Earnings multiples and entry costs are just two ways to value a business. Using multiples of post-tax profits may be suitable for established businesses with a strong profit record. The entry cost method involves calculating the cost to set up a similar business to the one being valued.

A valuation can be affected by various factors, however, including tangible and intangible assets, the length of time the business has been in operation, and the reason why a business is being sold. 

From a tax perspective, the funds generated from a business sale are taxed as Capital Gains rather than income so this can be a tax-efficient process for sellers, especially if they’re also eligible to claim Business Asset Disposal Relief (formerly known as Entrepreneurs’ Relief).

What Professional Help is Available When Selling Businesses?

1. Solicitor

Legal assistance is needed to draw up the various documents and information for prospective buyers, as well as preparing and checking the final sales agreement. A legal expert can also provide valuable advice on any indemnities and warranties that the buyer or seller wants to include in the transaction.  

2. Accountant

The initial Sales Memorandum that’s distributed to interested parties at the early stages of sale includes financial information such as profit and loss figures, balance sheet data on the business’ assets and liabilities, as well as cash and sales projections. Clearly, it’s important to ensure their accuracy, so an accountant is invaluable here – they can also be instrumental in arriving at a reliable business value.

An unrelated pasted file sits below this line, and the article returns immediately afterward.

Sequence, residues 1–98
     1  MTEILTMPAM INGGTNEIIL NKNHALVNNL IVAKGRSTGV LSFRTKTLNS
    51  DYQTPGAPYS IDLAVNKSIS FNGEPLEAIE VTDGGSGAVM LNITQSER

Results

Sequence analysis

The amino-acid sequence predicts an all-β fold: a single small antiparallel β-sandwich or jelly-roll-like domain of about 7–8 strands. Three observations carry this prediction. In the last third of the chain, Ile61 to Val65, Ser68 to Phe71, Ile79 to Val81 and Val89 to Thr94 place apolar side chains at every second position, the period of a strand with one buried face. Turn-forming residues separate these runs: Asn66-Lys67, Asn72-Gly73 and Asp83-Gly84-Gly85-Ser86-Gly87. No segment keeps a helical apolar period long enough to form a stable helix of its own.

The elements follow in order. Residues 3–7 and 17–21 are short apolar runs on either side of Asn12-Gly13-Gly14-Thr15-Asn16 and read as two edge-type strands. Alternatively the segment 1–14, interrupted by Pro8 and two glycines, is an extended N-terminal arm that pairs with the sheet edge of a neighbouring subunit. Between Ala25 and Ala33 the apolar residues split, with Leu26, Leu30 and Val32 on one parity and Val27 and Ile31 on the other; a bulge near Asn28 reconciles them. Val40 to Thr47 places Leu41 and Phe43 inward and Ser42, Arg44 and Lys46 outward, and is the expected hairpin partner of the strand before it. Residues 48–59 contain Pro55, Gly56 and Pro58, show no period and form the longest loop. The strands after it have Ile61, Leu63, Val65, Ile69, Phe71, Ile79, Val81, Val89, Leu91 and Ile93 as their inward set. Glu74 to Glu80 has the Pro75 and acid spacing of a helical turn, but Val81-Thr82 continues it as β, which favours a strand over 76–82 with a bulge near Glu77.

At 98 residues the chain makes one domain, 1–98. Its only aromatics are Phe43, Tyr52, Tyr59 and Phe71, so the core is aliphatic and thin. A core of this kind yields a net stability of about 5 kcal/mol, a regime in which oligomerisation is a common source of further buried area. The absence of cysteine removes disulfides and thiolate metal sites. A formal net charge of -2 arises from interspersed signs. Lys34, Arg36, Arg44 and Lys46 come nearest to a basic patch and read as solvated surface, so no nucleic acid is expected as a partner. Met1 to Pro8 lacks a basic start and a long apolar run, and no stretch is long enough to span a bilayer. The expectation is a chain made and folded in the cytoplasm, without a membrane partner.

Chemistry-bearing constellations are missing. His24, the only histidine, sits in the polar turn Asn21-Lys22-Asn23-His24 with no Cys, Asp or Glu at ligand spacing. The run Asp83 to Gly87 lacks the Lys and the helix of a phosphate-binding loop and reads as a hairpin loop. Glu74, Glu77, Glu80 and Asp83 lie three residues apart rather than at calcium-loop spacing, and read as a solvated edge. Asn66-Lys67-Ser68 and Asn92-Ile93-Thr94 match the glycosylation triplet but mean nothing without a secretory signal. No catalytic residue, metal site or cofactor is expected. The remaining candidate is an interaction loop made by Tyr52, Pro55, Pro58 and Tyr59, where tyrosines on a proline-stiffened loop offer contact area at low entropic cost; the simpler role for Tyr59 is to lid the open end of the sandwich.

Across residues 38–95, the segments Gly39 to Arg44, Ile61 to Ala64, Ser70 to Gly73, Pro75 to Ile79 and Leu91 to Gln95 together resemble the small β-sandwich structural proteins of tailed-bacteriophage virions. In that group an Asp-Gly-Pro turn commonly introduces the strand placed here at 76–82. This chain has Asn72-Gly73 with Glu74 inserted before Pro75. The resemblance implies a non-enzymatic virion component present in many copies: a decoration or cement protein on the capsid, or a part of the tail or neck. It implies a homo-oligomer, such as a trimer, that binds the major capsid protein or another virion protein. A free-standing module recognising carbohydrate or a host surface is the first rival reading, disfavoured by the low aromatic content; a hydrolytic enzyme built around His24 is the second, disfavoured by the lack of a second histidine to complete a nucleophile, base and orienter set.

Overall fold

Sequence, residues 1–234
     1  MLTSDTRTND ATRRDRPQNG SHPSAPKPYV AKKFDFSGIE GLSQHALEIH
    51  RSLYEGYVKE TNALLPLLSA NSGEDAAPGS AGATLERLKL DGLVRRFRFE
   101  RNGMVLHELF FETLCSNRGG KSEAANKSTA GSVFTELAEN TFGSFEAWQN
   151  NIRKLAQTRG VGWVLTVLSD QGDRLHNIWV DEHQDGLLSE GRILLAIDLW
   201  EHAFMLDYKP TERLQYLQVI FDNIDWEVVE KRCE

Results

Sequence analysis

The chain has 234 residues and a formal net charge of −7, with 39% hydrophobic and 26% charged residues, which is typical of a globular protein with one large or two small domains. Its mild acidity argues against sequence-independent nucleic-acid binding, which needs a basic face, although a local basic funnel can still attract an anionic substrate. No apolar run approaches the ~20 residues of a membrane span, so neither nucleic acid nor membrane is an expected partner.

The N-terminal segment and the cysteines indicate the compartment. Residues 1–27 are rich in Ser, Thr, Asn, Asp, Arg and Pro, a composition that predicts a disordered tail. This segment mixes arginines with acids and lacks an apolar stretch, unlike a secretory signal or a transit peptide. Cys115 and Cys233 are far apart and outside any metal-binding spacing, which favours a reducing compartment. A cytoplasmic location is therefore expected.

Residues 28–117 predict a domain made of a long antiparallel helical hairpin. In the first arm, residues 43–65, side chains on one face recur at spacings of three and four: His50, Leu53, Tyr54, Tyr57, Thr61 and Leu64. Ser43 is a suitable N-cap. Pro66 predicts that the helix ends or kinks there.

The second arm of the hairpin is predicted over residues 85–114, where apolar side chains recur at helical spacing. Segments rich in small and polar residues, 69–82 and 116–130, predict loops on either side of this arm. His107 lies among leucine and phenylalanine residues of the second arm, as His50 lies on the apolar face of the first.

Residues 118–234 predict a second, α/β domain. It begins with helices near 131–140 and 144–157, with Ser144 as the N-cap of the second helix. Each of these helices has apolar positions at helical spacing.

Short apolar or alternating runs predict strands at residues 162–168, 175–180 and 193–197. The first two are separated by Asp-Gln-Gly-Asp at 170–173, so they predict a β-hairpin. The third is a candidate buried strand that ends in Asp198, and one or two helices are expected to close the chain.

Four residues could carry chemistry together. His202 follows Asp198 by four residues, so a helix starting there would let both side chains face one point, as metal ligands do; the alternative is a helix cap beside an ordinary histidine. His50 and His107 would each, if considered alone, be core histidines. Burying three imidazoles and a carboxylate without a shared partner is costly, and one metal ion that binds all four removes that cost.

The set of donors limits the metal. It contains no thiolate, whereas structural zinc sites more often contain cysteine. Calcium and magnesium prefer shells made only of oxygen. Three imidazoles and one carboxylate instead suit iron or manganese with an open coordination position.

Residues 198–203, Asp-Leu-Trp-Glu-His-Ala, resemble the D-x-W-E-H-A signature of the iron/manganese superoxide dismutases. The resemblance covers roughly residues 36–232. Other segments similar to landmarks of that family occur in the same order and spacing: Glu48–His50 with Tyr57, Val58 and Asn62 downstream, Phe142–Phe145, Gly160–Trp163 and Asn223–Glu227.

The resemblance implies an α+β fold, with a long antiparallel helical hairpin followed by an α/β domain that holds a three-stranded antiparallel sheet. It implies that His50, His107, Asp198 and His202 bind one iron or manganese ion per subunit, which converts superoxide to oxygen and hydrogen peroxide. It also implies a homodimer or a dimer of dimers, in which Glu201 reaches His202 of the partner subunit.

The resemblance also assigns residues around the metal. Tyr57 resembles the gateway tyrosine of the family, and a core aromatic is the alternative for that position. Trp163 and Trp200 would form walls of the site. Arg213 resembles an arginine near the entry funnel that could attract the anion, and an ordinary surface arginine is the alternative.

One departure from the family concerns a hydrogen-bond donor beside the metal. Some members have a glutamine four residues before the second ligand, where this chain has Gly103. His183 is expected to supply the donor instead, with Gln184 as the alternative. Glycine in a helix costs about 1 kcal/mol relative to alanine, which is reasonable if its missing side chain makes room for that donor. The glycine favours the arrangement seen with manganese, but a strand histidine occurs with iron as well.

3. Professional Valuers

A dependable business value lies at the center of a successful sale, and hiring a professional business valuer with experience in the sector is key. They will understand the inherent challenges and benefits of that business’ trading environment, and be able to incorporate them into a real value that can be relied upon.

4. Business sales brokers

Using professional business sales brokers can be beneficial because of their contacts and extensive knowledge of the process. A sales broker also acts as an intermediary between the buyer and seller, allowing sellers to step back from the process during the negotiation stage.